At the height of economic crisis of the last decade, the city chose the Zamperla family to rebuild Coney Island’s amusement park in an effort to revamp the People’s Playground.
Ten years later, the family business known as Central Amusement International (CAI), which operates Luna Park, has suffered millions of dollars in losses after remaining closed for the summer season because of COVID-19 restrictions — dealing the amusement park the toughest financial blow it’s ever seen.
“Unfortunately, Hurricane Sandy was pretty bad, but this is on a different level,” Tracee Zamperla told Brooklyn Paper.
The lost 2020 season came two years after the Zamperlas expanded the park by 50 percent in 2018, and just months after CAI dished out $13 million for a brand new section of the park on its eastern side. Construction on the new segment was set to cost $20 million and wrap up this summer, but pandemic halted the park’s construction midway, and its future remains uncertain, Tracee said.
Though the Zamperlas collect rent and some profits from a handful of subtenant businesses along the Riegelmann Boardwalk, they say the costs of maintaining an amusement park require significant annual investment.
“You have the actual maintenance of the rides,” Tracee said. “Then you have skilled labor … it is a niche industry that takes a while for people for develop skills in. And after that development, to keep them with you, you really have to employ them year round.”
To allow the company to recover, the Zamperlas are calling on the city to extend their lease until 2040. A lease extension — which would tack on 13 years to the current lease set to expire in 2027 — would give Luna Park more time to recover from the COVID-19 losses, the owners say.
The extra time would allow also Luna Park to see a return on their recent expansion of the park, and would help the Zamperlas in applying for more loans — which could grant some relief to the boardwalk businesses.
“This period of extension will help us to support the boardwalk subtenants, absorb the cost of previous investments, offset the negative impact that the COVID-19 situation has brought this year and will bring in the years that follow,” wrote Alessandro Zamperla to James Patchett, the president of the Economic Development Corporation (EDC), the quasi-governmental agency in charge of the lease agreement.
The couple is not asking for a rent reduction from EDC, arguing that the city has enough financial strain already.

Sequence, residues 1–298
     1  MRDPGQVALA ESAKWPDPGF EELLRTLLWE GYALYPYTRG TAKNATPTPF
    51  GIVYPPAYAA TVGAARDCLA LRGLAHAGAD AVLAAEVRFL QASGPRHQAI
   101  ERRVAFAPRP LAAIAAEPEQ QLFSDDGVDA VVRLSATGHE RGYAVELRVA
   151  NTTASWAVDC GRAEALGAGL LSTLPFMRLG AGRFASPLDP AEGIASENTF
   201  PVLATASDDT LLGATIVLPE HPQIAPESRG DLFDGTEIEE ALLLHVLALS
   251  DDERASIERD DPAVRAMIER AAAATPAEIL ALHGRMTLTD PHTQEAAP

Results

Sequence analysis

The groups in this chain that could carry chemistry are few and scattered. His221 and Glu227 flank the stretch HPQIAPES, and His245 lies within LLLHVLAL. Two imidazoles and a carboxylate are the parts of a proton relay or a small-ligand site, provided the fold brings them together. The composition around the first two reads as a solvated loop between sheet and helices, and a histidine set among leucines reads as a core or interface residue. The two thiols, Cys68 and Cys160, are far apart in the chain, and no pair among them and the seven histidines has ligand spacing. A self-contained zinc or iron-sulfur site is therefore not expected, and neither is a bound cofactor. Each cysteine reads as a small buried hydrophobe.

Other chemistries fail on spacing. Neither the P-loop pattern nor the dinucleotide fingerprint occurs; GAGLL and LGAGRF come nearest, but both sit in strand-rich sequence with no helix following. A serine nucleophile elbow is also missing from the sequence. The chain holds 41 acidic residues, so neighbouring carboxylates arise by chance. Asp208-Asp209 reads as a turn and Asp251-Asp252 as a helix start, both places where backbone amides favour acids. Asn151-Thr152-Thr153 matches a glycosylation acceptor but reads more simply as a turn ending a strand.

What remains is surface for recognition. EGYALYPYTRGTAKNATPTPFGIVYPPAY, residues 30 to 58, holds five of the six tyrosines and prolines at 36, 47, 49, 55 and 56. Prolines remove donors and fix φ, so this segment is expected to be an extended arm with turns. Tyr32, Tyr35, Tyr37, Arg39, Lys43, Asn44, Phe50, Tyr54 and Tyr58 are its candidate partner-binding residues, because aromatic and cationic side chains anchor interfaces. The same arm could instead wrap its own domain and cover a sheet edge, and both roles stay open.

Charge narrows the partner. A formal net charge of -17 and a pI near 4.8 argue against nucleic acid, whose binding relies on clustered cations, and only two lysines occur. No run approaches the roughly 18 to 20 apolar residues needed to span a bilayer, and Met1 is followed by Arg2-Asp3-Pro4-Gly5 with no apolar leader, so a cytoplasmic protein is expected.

An EDC spokesperson said that the agency has offered to forgive rent payments excluding the base rent — such as administrative and operating fees — but implied that they could not extend the lease yet.
“Any lease extension without a competitive process raises issues of fairness,” the EDC spokesperson said.
EDC added that they are working with CAI to ensure its survival, but Alessandro Zamperla said he has not heard from the EDC since their last discussions on May 16.
In addition to the lease extension, the Zamperlas are calling on Governor Cuomo to release reopening guidelines for next summer. Cuomo has repeatedly refused to open amusement parks statewide because of their potential to draw large crowds, but the Zamperlas say that without any idea of how they could open, they have no way to plan for the park’s future.
“The fact that to this date … we have never received not one piece of communication, one precise feedback about why we are not open, that is really crushing,” Alessandro said in September.
The financial hardships have caused hundreds of locals usually employed by Luna Park to lose their jobs, Tracee said. And while Luna Park will hopefully reopen, Victorian Gardens, an amusement park CAI operates in Central Park, will likely close for good.
“It’s sad. It’s probably not going to return to Central Park,” Tracee told Brooklyn Paper.
CAI’s 2019 deal with the city to completely revamp Stillwell Avenue station is also indefinitely on hold, Tracee said.
CAI’s woes reflect those of Deno’s Wonder Wheel Amusement Park, which operates the famous 100-year-old Wonder Wheel. The park’s owners have argued that the Wonder Wheel, at the very least, should be permitted to open because it allows for social distancing.
“The way it was designed and built 102 years ago during the last pandemic, it was designed to be socially distant,” said Dennis Vourderis, who owns the park with his brother. “The cars are 50 feet apart, the people that ride in each one of the vehicles are with their own group, their own family.”
[Photos by Susan De Vries]
Editor’s note: A version of this story originally ran in Brooklyn Paper. Click here to see the original story.
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